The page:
This Thursday will see the launch of the 13th annual Collectors’ Fair in Prague’s Letňany, the largest such event in Central and Eastern Europe. Over three days an estimated 12,000 visitors will be able to view exhibits and items from traditional coins and stamps to objects more curious, such as the largest collection of air sickness bags or a new comic book stamp to be issued by Czech Post.
The Czech online auction website Aukro has said it has blocked the account of a seller suspected of having ripped off clients for around half a million crowns (the equivalent of around 26,000 US dollars) by not delivering promised goods. These reportedly included handbags, watches and perfumes. Clients, the auction website says, are compensated for damages of up to 20,000 crowns; in this case the forty people or so who dealt with the questionable seller will be fully refunded; Aukro has not ruled out that additional cases may still emerge. The site, which has 1.8 million registered users in the Czech Republic, is also communicating with the police over the matter.
The volume of foreign investments in the Czech Republic dropped by around one third in the first half of 2010, compared to the same period last year, according to data released by the state CzechInvest agency on Thursday. In the first six months of this year, foreign companies invested around 7 billion crowns, or nearly 360 million US dollars, compared to 10 billion in the same period a year earlier. A CzechInvest spokeswoman said foreign firms are most frequently investing in IT and software development. Some 4,500 jobs are expected to stem from these investments.
Amnesty International has put some of the spotlight on the Czech Republic in a report about the situation in conflict ridden Yemen. The international human rights watchdog organization says that Czech arms are being shipped to a country where opponents of the local government are being tortured or disappear for long periods into detention or are executed.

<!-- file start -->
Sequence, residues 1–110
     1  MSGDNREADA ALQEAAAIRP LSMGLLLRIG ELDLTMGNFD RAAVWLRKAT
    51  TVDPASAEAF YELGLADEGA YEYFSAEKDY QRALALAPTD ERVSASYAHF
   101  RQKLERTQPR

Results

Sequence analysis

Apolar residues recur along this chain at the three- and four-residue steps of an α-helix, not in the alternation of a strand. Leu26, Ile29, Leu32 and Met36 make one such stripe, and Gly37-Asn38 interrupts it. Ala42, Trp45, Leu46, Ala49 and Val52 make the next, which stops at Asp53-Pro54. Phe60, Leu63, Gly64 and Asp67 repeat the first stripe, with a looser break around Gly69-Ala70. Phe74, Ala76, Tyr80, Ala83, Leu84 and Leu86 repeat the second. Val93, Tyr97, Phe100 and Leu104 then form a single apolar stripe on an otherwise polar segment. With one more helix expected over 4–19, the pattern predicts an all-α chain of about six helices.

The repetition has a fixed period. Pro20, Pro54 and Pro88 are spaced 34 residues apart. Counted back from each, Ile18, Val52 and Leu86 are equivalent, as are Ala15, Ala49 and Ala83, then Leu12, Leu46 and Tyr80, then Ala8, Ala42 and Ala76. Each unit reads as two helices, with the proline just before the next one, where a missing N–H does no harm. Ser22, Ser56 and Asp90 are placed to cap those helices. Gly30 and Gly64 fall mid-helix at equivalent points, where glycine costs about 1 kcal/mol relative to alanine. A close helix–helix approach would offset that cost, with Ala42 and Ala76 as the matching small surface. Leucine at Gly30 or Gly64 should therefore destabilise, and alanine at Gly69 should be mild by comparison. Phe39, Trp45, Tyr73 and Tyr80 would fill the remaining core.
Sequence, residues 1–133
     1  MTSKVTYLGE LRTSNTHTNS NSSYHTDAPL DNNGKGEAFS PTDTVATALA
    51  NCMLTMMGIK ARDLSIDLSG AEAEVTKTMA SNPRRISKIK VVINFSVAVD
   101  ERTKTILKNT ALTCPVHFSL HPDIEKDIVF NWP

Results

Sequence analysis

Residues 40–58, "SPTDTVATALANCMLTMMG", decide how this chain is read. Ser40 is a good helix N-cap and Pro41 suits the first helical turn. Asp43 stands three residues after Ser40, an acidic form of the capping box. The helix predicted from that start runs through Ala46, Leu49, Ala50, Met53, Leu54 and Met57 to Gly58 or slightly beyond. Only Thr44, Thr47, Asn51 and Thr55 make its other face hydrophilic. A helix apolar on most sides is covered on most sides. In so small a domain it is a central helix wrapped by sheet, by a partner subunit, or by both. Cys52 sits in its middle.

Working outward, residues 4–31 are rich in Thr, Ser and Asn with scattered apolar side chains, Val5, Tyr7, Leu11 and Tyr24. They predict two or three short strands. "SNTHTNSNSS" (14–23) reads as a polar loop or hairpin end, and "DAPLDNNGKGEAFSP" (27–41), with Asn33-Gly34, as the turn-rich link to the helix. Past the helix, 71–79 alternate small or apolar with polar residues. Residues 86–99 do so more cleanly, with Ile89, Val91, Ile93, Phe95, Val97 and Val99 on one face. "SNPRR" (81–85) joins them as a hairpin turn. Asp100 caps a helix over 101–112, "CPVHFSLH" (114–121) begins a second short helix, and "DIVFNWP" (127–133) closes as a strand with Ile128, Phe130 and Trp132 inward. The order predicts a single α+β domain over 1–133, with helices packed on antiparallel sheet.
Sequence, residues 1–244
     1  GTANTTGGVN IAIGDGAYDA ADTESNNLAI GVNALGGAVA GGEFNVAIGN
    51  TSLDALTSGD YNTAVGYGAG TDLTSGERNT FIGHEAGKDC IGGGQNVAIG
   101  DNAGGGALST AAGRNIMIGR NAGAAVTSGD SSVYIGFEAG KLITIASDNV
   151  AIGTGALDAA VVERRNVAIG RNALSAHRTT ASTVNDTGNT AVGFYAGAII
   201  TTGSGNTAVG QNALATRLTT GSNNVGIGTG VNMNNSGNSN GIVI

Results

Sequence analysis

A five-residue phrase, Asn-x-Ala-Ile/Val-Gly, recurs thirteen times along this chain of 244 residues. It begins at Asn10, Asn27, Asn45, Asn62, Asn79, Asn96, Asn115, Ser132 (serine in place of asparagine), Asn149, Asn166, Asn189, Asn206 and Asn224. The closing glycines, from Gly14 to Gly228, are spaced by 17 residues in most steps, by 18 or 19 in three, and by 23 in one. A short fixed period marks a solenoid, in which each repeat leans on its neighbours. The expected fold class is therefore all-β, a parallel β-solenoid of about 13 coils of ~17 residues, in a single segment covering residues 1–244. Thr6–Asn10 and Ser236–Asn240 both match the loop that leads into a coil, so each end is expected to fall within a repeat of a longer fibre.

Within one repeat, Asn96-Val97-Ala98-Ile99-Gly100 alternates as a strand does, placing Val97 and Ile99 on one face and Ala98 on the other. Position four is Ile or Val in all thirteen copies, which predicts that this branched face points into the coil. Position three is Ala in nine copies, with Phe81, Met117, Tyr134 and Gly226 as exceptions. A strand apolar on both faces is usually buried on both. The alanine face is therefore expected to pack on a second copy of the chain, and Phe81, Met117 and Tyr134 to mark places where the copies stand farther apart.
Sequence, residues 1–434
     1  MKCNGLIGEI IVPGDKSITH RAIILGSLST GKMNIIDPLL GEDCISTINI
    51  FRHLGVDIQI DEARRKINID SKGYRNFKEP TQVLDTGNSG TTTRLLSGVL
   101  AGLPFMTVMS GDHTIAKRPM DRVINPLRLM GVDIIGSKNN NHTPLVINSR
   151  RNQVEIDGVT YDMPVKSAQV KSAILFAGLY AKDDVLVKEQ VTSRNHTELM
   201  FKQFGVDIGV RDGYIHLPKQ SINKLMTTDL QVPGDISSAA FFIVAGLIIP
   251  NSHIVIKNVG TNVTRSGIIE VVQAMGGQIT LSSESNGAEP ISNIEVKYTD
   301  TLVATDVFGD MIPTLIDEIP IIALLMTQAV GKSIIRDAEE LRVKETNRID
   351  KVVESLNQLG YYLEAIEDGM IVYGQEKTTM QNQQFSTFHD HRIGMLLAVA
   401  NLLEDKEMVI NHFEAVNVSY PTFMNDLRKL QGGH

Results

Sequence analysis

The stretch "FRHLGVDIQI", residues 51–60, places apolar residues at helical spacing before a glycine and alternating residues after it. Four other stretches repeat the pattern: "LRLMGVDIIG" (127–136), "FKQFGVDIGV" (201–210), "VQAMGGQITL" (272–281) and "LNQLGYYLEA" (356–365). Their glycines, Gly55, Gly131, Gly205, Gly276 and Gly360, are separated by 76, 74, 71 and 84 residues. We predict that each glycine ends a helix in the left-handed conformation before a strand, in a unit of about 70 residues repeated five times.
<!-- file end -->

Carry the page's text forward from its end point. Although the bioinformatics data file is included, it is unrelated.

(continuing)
Czech companies are becoming even worse at paying their bills on time due to the economic crisis, according to a survey of more than 22,000 firms. The survey by the company ČSOB Factoring shows that firms on average pay bills 19 days after the due date. That means that the average time for payment to be made after the bill is sent has risen to 72 days from 59 days in 2008. The economic crisis is put down to the continuing caution caused by the economic crisis. In some sectors, however, the payments record is much better than average. This is for example the case of the auto sector where bills are on average paid within 40 days.
There were 1257 bankruptcy petitions filed in the Czech Republic in July which was 46 percent more than in the same month last year, according to the Czech branch of the firm Creditreform. Compared to the previous month, however, the number of bankruptcy filings dropped by 119. In total, more than 8,600 bankruptcy petitions have been filed by individuals and companies since the beginning of the year, which is 3,900 more than in the same period last year.
Ivo Laurin is the director of Outbreak, the Czech Republic’s only word-of-mouth marketing agency. Instead of what’s called above-the-line or ATL advertising, meaning traditional methods such as billboards and TV commercials, Mr Laurin aims to engage the consumer in conversations about the product that is at the center of his campaign. And with some success. Word-of-mouth is sometimes referred to as WoM, and last year Outbreak received a bronze Wommy, an American award honoring great work in this cutting-edge form of advertising. Ivo Laurin talks
The installation of milk vending machines or “milkomats” across the Czech Republic significantly boosted dairy sales last year, and the trend continues. Due to their massive popularity, farmers are now gearing up to expand the range of produce available through vending machines. Other dairy products are already available at some locations, and even vegetables, meat and honey may soon follow.
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